(Bloomberg) — The glass-half-full people would like you to know that no matter how many Americans decide to purchase sport utility vehicles, millions of other consumers will still buy their sedans.

Those people are the ones from Volkswagen, Nissan, Hyundai and Honda who, at this week’s Detroit auto show, politely asked that the world not get too carried away in declaring the death of the passenger car. They’re confident in their ability to sell sedans profitably even as Fiat Chrysler, Ford and General Motors drop low-demand car lines to focus instead on SUVs and pickups. These light trucks account for about 70 percent of the U.S. market, a figure that may reach as high as 75 percent before the sedan shunning is complete.

“Many people are talking about the demise of the passenger car, but if you just do the basic mathematics, there were over 5 million passenger cars that were sold last year and will be sold this year — that’s a huge market,” Henio Arcangeli Jr., senior vice president of automotive operations for Honda Motor Co.’s U.S. unit, said in an interview. “As other automakers decide to leave, we see this as a great opportunity to grow our market share.”

There’s a distinctly geographic divide to the debate. Companies based in the U.S., which led the shift to trucks and SUVs, are the least reliant on cars. Asian and European manufacturers, who sell in more places where sedans are popular and profitable, are more likely to retain a stable of car models.

Other than when recessions put up road blocks, light trucks have grown steadily since accounting for just under half the U.S. auto market in 2000, according to IHS Markit. When gasoline prices surged in 2008, some analysts predicted the popularity of pickups and large SUVs might never regain their former luster. Instead, only about 20 percent of sales volume at Ford Motor Co. and General Motors Co. came from cars in 2018, according to Autodata. For Fiat Chrysler Automobiles NV, it was slightly less than 10 percent.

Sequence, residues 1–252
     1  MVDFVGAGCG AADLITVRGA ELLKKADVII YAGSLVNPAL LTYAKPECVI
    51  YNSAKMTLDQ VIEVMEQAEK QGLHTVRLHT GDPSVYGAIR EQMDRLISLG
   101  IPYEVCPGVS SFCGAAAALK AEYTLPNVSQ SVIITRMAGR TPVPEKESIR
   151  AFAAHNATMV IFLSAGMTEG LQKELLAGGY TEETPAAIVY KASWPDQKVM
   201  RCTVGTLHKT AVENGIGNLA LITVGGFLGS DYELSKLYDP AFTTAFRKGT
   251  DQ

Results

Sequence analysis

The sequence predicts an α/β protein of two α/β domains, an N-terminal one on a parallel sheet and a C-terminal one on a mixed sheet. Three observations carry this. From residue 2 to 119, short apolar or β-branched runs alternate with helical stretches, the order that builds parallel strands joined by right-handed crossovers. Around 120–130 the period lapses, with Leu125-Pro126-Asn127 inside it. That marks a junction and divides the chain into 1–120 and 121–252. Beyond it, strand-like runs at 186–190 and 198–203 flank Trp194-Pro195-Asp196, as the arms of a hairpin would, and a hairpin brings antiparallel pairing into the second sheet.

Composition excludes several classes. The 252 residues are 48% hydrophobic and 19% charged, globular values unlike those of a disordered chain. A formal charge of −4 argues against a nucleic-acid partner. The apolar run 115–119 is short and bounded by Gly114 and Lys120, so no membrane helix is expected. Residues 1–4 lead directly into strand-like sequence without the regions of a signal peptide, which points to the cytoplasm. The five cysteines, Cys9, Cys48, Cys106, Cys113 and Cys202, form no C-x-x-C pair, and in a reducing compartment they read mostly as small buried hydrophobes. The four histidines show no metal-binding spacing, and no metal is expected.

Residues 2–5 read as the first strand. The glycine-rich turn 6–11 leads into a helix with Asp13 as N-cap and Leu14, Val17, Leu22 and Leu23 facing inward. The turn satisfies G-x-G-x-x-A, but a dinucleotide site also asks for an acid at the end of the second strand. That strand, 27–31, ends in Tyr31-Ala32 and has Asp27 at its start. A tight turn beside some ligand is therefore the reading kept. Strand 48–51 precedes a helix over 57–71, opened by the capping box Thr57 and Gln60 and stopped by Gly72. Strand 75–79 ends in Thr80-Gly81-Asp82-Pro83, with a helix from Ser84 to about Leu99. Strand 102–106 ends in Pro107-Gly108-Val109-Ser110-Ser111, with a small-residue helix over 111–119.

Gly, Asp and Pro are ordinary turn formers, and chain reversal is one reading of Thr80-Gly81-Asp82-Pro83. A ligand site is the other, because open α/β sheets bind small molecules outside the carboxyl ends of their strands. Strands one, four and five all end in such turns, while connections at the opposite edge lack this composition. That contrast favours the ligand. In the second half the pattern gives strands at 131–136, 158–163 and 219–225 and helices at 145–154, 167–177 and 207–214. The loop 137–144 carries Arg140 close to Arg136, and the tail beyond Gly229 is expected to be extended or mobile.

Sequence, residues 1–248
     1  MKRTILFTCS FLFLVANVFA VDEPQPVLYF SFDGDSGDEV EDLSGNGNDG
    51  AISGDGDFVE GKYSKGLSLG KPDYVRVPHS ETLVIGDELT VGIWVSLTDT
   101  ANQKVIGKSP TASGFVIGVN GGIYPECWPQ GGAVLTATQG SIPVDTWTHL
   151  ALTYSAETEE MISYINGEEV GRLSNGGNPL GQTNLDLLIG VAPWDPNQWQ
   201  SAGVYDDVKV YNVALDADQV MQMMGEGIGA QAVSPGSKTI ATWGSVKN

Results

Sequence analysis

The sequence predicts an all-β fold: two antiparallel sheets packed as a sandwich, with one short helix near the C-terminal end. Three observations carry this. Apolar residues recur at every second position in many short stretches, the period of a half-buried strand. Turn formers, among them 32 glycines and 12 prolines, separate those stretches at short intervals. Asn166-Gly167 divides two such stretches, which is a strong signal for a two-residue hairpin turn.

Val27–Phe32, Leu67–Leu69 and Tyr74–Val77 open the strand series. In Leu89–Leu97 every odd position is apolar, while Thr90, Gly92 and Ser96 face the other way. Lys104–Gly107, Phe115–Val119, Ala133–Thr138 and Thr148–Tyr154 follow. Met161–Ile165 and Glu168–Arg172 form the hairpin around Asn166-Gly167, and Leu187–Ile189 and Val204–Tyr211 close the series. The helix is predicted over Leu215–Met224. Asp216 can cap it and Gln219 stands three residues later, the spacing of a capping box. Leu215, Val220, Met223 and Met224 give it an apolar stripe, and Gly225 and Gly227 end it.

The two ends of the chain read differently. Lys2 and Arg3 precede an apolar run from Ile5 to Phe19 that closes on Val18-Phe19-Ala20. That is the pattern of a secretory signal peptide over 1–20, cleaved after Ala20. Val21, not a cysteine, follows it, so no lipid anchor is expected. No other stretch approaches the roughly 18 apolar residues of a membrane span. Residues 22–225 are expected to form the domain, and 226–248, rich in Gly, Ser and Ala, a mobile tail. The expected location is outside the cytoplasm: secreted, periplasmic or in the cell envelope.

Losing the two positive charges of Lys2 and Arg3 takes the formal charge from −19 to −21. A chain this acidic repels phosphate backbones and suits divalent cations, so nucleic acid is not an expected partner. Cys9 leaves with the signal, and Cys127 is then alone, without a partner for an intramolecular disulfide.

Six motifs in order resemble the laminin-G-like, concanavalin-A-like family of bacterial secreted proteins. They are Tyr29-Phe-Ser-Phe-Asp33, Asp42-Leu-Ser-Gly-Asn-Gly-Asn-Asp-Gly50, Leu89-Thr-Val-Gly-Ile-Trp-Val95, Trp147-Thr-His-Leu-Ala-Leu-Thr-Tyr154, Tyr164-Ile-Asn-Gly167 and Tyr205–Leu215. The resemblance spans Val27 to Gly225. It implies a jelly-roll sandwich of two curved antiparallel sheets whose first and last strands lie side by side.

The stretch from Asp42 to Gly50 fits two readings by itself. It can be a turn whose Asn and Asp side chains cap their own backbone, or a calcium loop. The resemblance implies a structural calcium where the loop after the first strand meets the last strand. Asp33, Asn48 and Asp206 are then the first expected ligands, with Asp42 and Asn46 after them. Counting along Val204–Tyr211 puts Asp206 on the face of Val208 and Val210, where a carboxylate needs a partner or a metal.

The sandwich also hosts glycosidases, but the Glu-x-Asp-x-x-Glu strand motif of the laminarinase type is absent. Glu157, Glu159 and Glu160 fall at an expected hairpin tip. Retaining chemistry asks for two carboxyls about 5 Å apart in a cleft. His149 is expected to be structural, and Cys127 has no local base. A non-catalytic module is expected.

Even last year’s biggest seller of sedans in the U.S. — Toyota Motor Corp. — got 63 percent of its volume from light trucks, according to Autodata. Cars made up 45 percent of Honda’s volume and about half of sales at VW.

U.S. automakers’ stampede away from sedans has been a boon of sorts for Hyundai Motor Co., said Brian Smith, chief operating officer for Hyundai Motor America. As other companies exited some passenger-car lines, that created a vacuum in segments such as sedan sales to corporate and government fleets.

These are not to be confused with less-profitable sales to rental-car fleets, which all automakers say they eschew when possible, Smith said. “But we are staying in the sedan business — we have to.”

Even so, Smith says Hyundai is at a tipping point, and this year will have enough SUV models in its lineup to edge just ahead of its car sales. Already in December, about 53 percent of the vehicles Hyundai sold were light trucks. For 2019, he said that number should average about 55 percent.

Volkswagen AG’s top-selling U.S. model is the Tiguan SUV, but its second-best seller is the Jetta car, Scott Keogh, chief executive officer of Volkswagen of America, told reporters. And the core car market where VW focuses its lineup is still more than 4 million sedans, he added. “This is still a market we believe in — we have to believe in it in a smart way,” Keogh said.

The car also has a future at Nissan Motor Co., which got about 60 percent of volume last year from light trucks, according to Chief Planning Officer Philippe Klein. Nissan will continue to focus on models such as the Altima as more buyers shift to trucks because the company doesn’t see “the sedan going to zero,” he told reporters.

Even the companies that have seemingly thrown in the towel on the sedan are at least keeping a toehold. The car might present an affordable option for consumers who can’t afford more expensive SUV models, said Steve Majoros, marketing director for Chevrolet cars and crossover SUVs. Chevy got rid of the large Impala because buyers who could afford its base price of $28,000 were going to SUVs. But the $22,000 Malibu will find buyers, he said.

“The days of people buying a loaded Malibu are going away,” Majoros said in an interview. “But there are value-based reasons for buying these cars.”

David Welch contributed to this article.